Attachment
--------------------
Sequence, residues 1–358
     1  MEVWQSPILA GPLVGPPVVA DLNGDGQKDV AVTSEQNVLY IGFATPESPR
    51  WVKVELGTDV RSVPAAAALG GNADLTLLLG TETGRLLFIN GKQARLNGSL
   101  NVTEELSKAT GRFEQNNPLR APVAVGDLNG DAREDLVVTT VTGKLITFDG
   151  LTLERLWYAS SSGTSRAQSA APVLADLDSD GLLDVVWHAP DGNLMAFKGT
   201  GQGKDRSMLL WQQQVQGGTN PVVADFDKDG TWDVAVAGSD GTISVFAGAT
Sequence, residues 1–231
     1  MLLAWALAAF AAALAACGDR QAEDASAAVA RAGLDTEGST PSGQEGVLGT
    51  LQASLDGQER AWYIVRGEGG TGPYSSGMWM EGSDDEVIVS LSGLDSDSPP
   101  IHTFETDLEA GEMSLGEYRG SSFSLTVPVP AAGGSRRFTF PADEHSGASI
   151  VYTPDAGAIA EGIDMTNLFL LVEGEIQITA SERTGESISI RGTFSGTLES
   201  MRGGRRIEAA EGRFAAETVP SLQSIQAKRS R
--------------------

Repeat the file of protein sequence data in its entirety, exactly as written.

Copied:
Sequence, residues 1–358
     1  MEVWQSPILA GPLVGPPVVA DLNGDGQKDV AVTSEQNVLY IGFATPESPR
    51  WVKVELGTDV RSVPAAAALG GNADLTLLLG TETGRLLFIN GKQARLNGSL
   101  NVTEELSKAT GRFEQNNPLR APVAVGDLNG DAREDLVVTT VTGKLITFDG
   151  LTLERLWYAS SSGTSRAQSA APVLADLDSD GLLDVVWHAP DGNLMAFKGT
   201  GQGKDRSMLL WQQQVQGGTN PVVADFDKDG TWDVAVAGSD GTISVFAGAT
Sequence, residues 1–231
     1  MLLAWALAAF AAALAACGDR QAEDASAAVA RAGLDTEGST PSGQEGVLGT
    51  LQASLDGQER AWYIVRGEGG TGPYSSGMWM EGSDDEVIVS LSGLDSDSPP
   101  IHTFETDLEA GEMSLGEYRG SSFSLTVPVP AAGGSRRFTF PADEHSGASI
   151  VYTPDAGAIA EGIDMTNLFL LVEGEIQITA SERTGESISI RGTFSGTLES
   201  MRGGRRIEAA EGRFAAETVP SLQSIQAKRS R